Federal Reserve Bank of Richmond President Jeffrey Lacker, an ardent internal critic of the central bank’s loose monetary policy, said he backs a Fed statement this week that it would be patient on raising interest rates.
“I support the characterization that we can be patient at this point,” he told reporters after taking part in a panel discussion in Charlotte, North Carolina. “That characterization could change from meeting to meeting for me.”
Lacker, who votes on monetary policy in 2015, dissented at every FOMC meeting in 2012, when he was last a voter, in favor of a less accommodative policy stance.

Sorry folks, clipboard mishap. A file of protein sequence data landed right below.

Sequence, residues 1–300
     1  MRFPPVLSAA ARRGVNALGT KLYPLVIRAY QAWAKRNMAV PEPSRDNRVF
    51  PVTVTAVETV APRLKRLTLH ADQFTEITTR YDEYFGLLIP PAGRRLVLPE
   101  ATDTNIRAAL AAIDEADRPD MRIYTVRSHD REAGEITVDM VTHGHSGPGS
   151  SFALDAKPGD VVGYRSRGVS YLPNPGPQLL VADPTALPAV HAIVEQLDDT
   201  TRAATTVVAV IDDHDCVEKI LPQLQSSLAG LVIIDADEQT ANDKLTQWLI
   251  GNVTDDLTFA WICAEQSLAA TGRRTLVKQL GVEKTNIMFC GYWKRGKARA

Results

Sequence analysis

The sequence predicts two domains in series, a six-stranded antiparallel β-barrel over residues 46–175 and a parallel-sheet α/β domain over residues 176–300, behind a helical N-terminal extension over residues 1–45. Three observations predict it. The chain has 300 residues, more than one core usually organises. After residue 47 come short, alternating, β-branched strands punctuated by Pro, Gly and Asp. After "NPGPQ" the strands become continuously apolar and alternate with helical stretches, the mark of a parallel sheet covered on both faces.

“At this meeting. I didn’t think we were there yet. I would like to see a little more data first” before increasing rates, he told reporters.
The Federal Open Market Committee said this week that it will be patient on the timing of the first interest-rate increase since 2006, replacing a pledge to keep borrowing costs near zero for a “considerable time.”
Chair Janet Yellen told reporters after the meeting the committee would probably not increase rates until at least past the first quarter.
“I think it is highly likely rates will go up next year, not a certainty but a likelihood,” Lacker earlier told the panel.
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